Do you know those moments when something or someone who is supposed to be on your side makes you feel more desperate and hopeless than all of the horrible monstrosities who want you dead?  I had one of those moments when I first read "Beyond Same-Sex Marriage," this grand press release that got a lot of attention a few months ago.  In fact, even though this document says a lot of smart things about de-centering marriage and the different kinds of kinship structures queer people create and the need for universal access to the benefits that marriage can sometimes help procure... it left me feeling alienated and angry.  In the entire 4000 words, there is absolutely no call for mainstream gay people to be held accountable for the violence they have enacted by choosing to support marriage over every other issue, foaming-at-the-mouth over platinum wedding bands and participatory patriarchy instead of challenging any form of violence.  This statement, signed by hundreds of famous academics and “nonprofit” hacks, is basically about reforming marriage, and reforming marriage leaves me cold.  In attempting not to alienate the gaysoisie, Beyond Same-Sex Marriage even goes so far as to say that the gay marriage movement is a good start, but we need to go further.  Further into cultural erasure?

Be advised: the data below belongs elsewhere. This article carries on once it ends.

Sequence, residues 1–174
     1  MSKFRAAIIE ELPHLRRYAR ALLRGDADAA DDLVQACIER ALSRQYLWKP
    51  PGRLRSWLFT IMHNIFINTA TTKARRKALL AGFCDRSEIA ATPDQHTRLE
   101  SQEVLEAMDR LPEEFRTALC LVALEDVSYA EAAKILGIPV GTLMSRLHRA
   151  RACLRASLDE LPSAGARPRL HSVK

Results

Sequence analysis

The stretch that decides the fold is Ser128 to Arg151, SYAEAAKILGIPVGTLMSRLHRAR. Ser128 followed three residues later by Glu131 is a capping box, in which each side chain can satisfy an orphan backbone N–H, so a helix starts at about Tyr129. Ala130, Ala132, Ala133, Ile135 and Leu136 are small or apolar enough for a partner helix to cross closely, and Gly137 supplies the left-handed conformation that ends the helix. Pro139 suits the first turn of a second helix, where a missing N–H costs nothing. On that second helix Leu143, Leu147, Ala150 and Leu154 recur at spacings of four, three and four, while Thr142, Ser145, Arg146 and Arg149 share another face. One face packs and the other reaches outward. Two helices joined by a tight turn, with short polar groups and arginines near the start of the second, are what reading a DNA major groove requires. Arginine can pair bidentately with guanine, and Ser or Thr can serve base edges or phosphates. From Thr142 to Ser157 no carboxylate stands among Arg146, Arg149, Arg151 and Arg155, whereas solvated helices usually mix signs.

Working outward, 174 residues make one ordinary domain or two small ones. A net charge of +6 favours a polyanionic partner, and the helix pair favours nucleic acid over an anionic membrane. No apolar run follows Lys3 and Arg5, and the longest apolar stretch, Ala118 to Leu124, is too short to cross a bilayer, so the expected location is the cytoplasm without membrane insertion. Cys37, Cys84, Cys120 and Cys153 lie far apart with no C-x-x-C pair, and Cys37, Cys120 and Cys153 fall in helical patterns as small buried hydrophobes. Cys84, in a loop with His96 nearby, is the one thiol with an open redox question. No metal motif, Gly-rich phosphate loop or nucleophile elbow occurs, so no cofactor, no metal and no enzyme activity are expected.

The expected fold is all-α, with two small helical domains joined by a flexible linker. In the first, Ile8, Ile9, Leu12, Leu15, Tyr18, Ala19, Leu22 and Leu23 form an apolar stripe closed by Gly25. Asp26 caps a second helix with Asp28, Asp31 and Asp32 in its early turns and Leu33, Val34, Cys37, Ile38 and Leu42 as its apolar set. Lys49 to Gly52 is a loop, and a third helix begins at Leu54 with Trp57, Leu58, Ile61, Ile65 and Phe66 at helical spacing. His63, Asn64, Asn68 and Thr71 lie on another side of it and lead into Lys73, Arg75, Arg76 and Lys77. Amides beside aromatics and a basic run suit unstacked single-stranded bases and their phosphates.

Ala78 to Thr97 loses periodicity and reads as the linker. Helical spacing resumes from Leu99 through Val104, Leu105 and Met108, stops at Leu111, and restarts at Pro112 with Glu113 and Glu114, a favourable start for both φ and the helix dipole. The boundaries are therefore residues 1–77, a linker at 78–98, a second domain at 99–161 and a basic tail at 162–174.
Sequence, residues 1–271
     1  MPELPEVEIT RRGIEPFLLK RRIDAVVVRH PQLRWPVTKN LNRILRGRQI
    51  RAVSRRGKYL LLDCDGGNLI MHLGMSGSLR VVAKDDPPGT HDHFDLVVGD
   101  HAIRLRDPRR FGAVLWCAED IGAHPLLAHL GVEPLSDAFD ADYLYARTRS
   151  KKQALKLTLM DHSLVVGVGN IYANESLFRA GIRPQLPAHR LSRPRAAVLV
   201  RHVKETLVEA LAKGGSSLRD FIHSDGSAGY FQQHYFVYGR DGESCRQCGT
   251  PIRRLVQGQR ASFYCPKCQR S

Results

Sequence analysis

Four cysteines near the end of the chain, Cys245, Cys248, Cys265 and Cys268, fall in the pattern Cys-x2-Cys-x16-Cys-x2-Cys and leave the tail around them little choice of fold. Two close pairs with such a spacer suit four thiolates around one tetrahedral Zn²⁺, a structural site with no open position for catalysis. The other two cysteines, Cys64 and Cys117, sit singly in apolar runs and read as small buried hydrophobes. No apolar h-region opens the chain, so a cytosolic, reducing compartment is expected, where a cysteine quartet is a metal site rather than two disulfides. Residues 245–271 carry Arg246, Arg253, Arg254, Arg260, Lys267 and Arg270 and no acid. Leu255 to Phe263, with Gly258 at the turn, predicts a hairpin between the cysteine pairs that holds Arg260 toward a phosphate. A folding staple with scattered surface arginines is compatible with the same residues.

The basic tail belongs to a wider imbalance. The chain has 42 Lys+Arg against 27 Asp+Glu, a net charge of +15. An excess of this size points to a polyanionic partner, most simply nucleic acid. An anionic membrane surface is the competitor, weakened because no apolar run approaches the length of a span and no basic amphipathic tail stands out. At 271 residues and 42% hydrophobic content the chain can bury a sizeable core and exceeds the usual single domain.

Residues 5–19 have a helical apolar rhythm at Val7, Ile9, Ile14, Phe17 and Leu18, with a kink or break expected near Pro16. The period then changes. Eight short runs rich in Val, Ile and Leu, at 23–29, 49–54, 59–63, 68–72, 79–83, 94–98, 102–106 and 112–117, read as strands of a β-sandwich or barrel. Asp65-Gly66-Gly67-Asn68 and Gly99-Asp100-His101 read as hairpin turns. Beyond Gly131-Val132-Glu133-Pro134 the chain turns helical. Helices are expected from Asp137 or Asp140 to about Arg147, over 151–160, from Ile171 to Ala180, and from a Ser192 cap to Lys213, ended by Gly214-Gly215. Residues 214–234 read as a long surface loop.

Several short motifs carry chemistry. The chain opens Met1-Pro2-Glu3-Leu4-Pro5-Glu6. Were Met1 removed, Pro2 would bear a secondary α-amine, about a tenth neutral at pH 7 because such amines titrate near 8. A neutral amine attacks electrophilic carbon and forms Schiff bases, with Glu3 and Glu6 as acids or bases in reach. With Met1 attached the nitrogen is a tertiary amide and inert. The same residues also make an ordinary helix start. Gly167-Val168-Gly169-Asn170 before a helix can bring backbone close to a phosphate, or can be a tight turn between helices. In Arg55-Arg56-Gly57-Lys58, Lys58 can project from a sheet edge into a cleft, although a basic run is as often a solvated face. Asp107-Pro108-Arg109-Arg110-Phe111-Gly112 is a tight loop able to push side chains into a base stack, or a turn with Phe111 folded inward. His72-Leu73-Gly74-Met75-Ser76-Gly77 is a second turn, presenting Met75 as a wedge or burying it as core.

Speaking of cultural erasure, this document begins, “We, the undersigned – lesbian, gay, bisexual, and transgender (LGBT) and allied activists, scholars, educators, writers, artists, lawyers, journalists, and community organizers…,” avoiding any mention of those dangerous queers until well into the statement.  That's right -- LGBTs and “allies,” but forget about anyone who doesn't fit nearly into one category.  Furthermore, the insipid acronym LGBT, which has become popular over the last 10 years or so, really just means "gay, with lesbian in parentheses, throw out the bisexuals and put trans on for a little window dressing."  It's the creation of the exact same movement that wants gay people to have the right to kill people as soldiers in Iraq or marry that cute bank executive, but does nothing to fight for basic needs like housing, healthcare, food, gender expression and explicitly avoids challenging US imperialism, colonialism or any other system of tyranny.